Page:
[lug] neat trick with gnome + network manager + VPN

Bear Giles bgiles at coyotesong.com
Fri Sep 15 09:47:42 MDT 2017

​I've used HideMyAss in the past but I'm switching to my own servers on
Digital Ocean and AWS. ​ The cost with a nano instance is about the same as
the cost of a decent commercial offering - about $60/year. I know there are
cheaper sites but I just don't trust their economic model.

I found an ipad app that takes openvpn config (and in fact it comes from a
site that seems to be a commercial offering from the openvpn group) but
haven't set it up yet since I don't have an imac and getting the .ovpn file
onto the ipad requires a little more work.

I also need to regenerate my keys. I've been using a test set that don't
require a password - I want to switch to per-host keys with passwords.

The funniest thing is that one of the biggest reasons for running your own
VPN is that you don't have to worry about the VPN logging your activity.
Running your own VPN is simultaneously less anonymous - someone doing a
reverse IP address lookup will find your hosting company and they can
identify what account has that IP address - but it's also more anonymous
since you own the logs. The big guys can put in  network tap and see all
the sites you go to but marketers can't get any information.

So what's one of the first things I'm thinking of adding? My own caching
DNS server. Something that will keep a log of every site I visit - and that
means all of the ad servers, etc., not just the sites that appear in the
address bar.

The reason to do this is to blackhole abusive ad sites. I'm not opposed to
ads at an abstract level, just the scammy ads and the ones that have poorly
written javascript that cause my browser to slow down and crash. With the
DNS server logs I can toss in my own DNS records that redirect these sites
to my own server that immediately returns either a 404 or a blank page. Of
course that now means that there's a nice handy list of all of the sites I
visited (but not the URLs) if someone does get into the system.

On Fri, Sep 15, 2017 at 8:16 AM, Quentin Hartman <qhartman at gmail.com> wrote:

> Good trick! Thanks for sharing. What VPN service are you using?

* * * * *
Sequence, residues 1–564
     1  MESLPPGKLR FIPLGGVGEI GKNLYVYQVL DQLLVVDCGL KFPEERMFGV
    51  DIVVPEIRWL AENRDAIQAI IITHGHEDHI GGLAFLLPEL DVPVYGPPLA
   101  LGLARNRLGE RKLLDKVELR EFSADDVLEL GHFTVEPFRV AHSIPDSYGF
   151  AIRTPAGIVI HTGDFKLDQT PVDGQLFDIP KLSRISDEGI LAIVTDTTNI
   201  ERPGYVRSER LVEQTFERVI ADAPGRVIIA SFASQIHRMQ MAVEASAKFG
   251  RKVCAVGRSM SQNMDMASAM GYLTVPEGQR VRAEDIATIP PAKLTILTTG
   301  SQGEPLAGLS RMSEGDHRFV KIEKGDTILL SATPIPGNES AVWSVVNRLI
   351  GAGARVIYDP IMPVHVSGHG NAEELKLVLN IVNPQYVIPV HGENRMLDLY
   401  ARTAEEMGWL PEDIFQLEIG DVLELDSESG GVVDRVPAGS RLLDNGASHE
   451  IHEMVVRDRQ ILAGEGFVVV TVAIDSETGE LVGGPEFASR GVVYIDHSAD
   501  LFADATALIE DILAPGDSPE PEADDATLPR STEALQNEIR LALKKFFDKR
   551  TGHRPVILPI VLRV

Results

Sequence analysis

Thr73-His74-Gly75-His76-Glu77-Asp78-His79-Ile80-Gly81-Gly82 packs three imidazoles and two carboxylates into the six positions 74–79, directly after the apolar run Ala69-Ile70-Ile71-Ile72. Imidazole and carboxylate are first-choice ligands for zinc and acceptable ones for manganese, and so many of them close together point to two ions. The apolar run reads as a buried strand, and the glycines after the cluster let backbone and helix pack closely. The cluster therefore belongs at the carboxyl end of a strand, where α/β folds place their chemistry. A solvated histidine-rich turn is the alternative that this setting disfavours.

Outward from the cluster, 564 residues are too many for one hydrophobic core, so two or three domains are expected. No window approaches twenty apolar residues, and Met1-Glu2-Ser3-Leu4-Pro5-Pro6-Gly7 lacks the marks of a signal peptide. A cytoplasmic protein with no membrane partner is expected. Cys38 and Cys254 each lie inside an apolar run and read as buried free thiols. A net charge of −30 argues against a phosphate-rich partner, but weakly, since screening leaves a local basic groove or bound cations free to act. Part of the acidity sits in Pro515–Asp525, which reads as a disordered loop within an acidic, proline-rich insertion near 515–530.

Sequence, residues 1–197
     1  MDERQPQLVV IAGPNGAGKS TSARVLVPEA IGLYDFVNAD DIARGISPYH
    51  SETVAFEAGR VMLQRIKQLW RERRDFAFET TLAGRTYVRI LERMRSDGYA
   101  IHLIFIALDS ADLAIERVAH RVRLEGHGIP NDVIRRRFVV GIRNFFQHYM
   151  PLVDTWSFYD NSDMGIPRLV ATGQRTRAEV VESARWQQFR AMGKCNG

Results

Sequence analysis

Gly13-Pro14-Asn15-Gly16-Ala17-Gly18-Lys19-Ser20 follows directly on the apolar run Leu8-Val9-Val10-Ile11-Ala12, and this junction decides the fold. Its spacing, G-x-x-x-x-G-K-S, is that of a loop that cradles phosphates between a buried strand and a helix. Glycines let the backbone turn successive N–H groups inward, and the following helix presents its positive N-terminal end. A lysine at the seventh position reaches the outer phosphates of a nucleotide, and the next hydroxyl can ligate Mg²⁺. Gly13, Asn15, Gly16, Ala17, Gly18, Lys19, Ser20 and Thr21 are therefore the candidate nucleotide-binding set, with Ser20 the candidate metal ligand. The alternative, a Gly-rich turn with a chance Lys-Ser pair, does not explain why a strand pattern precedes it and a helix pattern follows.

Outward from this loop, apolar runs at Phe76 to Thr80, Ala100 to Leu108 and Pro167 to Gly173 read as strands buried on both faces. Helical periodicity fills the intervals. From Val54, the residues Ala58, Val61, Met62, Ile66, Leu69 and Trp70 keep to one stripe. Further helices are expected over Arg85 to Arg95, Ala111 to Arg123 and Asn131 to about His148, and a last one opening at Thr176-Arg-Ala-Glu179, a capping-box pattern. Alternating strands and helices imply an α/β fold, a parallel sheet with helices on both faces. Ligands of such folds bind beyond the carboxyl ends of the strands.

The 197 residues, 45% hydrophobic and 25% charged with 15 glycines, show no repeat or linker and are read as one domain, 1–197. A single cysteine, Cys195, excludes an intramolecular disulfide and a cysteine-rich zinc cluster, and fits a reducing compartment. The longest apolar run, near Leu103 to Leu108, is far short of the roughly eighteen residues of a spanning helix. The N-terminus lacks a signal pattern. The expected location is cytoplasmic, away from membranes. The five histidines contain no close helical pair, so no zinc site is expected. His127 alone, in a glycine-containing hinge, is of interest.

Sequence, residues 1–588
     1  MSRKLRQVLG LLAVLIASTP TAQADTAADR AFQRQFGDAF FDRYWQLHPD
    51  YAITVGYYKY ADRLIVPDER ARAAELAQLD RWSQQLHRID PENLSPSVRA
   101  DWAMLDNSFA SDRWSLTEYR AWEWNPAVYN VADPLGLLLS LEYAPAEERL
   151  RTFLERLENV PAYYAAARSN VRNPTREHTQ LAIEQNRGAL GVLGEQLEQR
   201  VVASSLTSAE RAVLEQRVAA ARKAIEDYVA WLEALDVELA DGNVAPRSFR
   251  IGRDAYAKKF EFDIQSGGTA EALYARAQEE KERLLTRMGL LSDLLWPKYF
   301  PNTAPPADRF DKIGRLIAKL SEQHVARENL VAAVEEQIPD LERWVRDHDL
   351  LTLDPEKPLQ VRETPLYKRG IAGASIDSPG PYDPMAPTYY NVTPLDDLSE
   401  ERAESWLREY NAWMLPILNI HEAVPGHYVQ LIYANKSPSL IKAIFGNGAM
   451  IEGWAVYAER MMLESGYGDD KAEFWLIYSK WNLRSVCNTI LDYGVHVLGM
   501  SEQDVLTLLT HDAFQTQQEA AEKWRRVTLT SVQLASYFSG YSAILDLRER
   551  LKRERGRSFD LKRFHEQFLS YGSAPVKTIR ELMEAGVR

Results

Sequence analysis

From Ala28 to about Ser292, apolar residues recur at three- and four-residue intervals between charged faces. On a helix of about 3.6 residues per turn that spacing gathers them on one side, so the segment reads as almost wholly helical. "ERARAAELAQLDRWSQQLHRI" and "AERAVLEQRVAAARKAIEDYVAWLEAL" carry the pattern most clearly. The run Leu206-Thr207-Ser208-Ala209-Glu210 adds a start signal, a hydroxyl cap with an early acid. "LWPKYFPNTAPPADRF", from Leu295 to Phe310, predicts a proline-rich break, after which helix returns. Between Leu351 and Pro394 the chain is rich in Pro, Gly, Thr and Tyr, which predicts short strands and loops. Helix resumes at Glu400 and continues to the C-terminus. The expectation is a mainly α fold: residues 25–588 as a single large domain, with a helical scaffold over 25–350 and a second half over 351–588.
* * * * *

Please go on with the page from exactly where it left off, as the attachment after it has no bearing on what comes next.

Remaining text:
> I just started using TunnelBear and it's working pretty well so far. They
> don't "officially" support linux in that they don't build a client for it,
> but they have instructions available for using standard VPN tools to
> connect to their endpoints. The experience on my phone with their client is
> very seamless.
> Q
> On Thu, Sep 14, 2017 at 7:58 PM, Bear Giles <bgiles at coyotesong.com> wrote:
>> I came across this when playing with the VPN configurations.
>> 0. install network-manager-openvpn-gnome.
>> 1. right-click on network icon and go to bottom of menu - select Edit
>> Connections.
>> 2. create your VPN entry. (This lets you easily select it by
>> right-clicking on the network icon and then selecting VPN Connections.) You
>> can import a .ovpn file, or just read the configuration and figure out what
>> values to use.
>> 3. edit your wired and wifi connections. On the 'General' tab one of the
>> last items is "Connect to this VPN...". You can specify one of your VPN
>> connections.
>> The wifi connections that launch without forcing me to a login page work
>> fine - they launch with the VPN enabled.
>> I haven't had a chance to try it on a wifi connection that requires a
>> login page. It might be smart enough to recognize the private IP address
>> range and not route through the VPN for those connections.
>> This solves one of my annoyances - I might have a VPN account but a lot
>> of traffic goes out between when I establish the connection and when I can
>> right-click on the network icon and turn on the VPN. Not everything uses
>> https. This should eliminate that window.
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